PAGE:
A pharmaceutical brand advertises for a competely different disease state and a different prescription product on their Facebook page.
Update June 27 2018, 12:23 pm: Pfizer Canada sent me an email to inform me that they have read my blog post and addressed the issue immediately. They have removed the ads from the EpiPen Canada Facebook page. I personally thank Pfizer Canada for taking my recommendation seriously and congratulate them for taking such speedy action.
One of my children needs to carry an EpiPen Junior all the time, so naturally, I follow the EpiPen Canada Facebook page. I have always been impressed with the quality of their posts .
Despite my personal interest in the brand, I am a marketer at heart and I like checking out the ads on certain Facebook pages. But this time, I came across an unusual situation.
Under the “Ads” tab of the EpiPen Canada Facebook page were ads for rheumatoid arthritis options and Pristiq, a prescription drug indicated for the symptomatic relief of major depressive disorder. For those who aren’t familiar with EpiPen, it is an epinephrine autoinjector for serious allergies. There is no obvious relation between the EpiPen Facebook page or the two ads.
Imagine the confusion that people who see these ads on their Facebook timeline when they see that the ads come from the EpiPen Canada Facebook page yet are completely unrelated.
With such a strong focus on transparency when it comes to advertising, it seems odd to see the EpiPen Canada Facebook page advertise for other brands which belong to its parent company, Pfizer.
Where should these ads appear on Facebook?
Pfizer Canada, the distributor of EpiPen in Canada, has an active Facebook page. It would have been more appropriate to run these advertisements from the Pfizer Canada Facebook page. At the time when I saw the ads on the EpiPen Canada Facebook page, the Pfizer Canada Facebook page did not have any ads listed.
Why would EpiPen promote Rheumatoid Arthritis options and Pristiq?
Rationale 1: Skirting regulatory guidelines?
Initially, I thought perhaps the company was trying to separate its ads from other related ads which may have been perceived as going against the direct-to-consumer (DTC) advertisement regulations by Health Canada. For example, in Canada, pharmaceutical DTC can ONLY refer to a product’s name, price and quantity. The moment you mention a disease as part of the ad, any mention of the product name must be removed. It’s one or the other, never both.
If a particular Facebook page were to advertise about a disease state in one ad, and at the same time advertise about the related product, that would probably get the company in trouble. But this was NOT the case, since Pfizer Canada had no ads listed at all. Phewfff!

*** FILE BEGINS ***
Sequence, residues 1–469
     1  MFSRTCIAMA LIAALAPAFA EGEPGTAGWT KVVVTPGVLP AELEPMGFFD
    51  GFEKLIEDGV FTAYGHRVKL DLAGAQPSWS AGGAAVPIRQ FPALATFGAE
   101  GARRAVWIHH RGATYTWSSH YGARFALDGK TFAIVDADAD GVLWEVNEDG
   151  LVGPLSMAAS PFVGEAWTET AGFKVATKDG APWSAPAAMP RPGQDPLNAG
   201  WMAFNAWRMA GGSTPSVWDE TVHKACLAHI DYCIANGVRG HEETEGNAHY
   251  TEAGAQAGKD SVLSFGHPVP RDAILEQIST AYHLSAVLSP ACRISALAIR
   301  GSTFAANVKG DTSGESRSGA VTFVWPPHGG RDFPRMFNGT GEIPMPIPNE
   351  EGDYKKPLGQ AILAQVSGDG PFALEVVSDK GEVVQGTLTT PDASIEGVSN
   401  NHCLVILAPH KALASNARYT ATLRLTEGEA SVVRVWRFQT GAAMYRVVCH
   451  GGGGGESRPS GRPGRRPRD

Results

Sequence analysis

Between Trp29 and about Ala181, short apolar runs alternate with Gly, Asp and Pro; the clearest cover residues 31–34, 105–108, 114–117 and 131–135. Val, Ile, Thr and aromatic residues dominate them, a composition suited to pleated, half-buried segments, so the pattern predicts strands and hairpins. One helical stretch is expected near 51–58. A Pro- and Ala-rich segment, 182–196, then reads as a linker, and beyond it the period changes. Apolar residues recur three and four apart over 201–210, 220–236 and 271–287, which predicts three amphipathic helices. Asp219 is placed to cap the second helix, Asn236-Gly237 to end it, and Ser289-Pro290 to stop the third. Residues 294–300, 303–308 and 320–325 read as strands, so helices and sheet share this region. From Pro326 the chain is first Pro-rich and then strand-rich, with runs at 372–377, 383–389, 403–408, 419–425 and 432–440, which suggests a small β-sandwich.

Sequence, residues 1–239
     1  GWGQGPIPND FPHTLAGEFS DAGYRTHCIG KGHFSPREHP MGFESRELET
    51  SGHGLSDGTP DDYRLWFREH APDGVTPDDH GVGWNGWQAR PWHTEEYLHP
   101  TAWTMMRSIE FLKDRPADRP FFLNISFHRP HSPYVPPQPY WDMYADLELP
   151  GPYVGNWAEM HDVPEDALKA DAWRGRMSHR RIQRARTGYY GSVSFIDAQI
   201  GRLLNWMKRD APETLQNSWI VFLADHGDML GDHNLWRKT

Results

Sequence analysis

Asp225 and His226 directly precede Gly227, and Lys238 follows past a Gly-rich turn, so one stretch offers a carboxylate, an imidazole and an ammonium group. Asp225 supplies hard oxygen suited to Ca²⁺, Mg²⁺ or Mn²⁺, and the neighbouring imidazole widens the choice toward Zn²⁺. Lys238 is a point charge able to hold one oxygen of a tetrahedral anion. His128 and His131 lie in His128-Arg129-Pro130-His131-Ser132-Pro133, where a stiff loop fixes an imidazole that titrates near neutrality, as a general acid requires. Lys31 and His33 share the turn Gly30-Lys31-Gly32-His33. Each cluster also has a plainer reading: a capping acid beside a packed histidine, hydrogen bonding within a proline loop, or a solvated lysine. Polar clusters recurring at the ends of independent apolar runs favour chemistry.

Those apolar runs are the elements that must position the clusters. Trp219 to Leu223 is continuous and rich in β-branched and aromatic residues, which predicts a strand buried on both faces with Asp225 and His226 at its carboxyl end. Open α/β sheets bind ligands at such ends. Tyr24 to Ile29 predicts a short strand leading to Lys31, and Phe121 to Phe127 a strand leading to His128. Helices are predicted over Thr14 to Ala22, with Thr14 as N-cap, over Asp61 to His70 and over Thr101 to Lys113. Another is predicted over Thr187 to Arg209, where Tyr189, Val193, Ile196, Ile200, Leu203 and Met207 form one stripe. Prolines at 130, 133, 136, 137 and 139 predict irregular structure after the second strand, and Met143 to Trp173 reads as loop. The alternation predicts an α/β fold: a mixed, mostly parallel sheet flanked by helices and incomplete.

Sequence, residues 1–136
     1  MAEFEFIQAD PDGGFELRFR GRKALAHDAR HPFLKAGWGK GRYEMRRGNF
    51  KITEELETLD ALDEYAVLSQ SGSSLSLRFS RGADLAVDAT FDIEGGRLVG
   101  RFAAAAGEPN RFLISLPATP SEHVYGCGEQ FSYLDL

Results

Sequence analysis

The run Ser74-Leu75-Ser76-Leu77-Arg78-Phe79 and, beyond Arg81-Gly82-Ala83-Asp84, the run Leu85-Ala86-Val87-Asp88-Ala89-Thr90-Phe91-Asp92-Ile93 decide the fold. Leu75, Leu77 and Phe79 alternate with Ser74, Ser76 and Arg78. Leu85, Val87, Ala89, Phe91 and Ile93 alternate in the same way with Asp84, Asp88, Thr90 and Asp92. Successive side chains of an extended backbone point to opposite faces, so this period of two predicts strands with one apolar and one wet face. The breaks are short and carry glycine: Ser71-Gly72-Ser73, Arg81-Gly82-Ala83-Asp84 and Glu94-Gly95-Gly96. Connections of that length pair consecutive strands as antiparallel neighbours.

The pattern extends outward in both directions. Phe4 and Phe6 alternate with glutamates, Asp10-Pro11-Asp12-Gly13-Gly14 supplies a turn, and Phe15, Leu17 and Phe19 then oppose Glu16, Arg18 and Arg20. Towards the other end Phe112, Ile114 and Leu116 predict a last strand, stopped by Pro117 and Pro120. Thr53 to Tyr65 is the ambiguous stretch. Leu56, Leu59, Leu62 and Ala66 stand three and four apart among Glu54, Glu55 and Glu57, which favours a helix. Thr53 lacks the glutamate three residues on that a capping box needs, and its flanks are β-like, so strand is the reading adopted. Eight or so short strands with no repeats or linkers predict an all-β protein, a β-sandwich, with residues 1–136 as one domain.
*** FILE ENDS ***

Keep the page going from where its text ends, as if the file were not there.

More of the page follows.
Rationale 2: Human error?
Another rationale for this mix-and-match of ads on a Facebook page is that somebody probably just made a mistake, either by not realizing that the ads should have been on the Pfizer Canada Facebook page, or simply did not realize that they were placing the ads on the EpiPen Canada Facebook page
This would be particularly plausible if the agency handling the brands’ online and social advertising managed both the corporate social media as well as the social media for EpiPen. But frankly, it seems to me that this could inadvertently happen for one ad, but for two? Hmmm … probably not.
Rational 3: Corporate politics?
Pfizer is a very large company. Perhaps there was a lot of red tape to go through to get approval to place these ads under the overarching Pfizer Canada Facebook page so a decision was made to get the ads out quickly and to just go piggy-back off the EpiPen Facebook page. As marketers in any industry, we all need to be a bit creative sometimes.
Who knows why this happened. Perhaps I my guesses didn’t even come close. Whatever the reason, I honestly do not believe that any ill intentions were involved. Nonetheless, those ads should not remain under the EpiPen umbrella.
What should be done about these unrelated Facebook ads?
Although it is not the end of the world, having one brand advertise for a totally unrelated brand or disease state looks unprofessional. It may also be perceived as unethical because it lacks transparency and it could be confusing to patients who see the ads on their Facebook timeline.
Just my two cents, but Pfizer Canada may want to consider deleting the unrelated ads from the EpiPen Canada Facebook page and reinstating them under the Pfizer Canada Facebook page, or creating separate, new Facebook pages that are specific for the individual ads.
What other interesting Facebook advertising scenarios have you come across?
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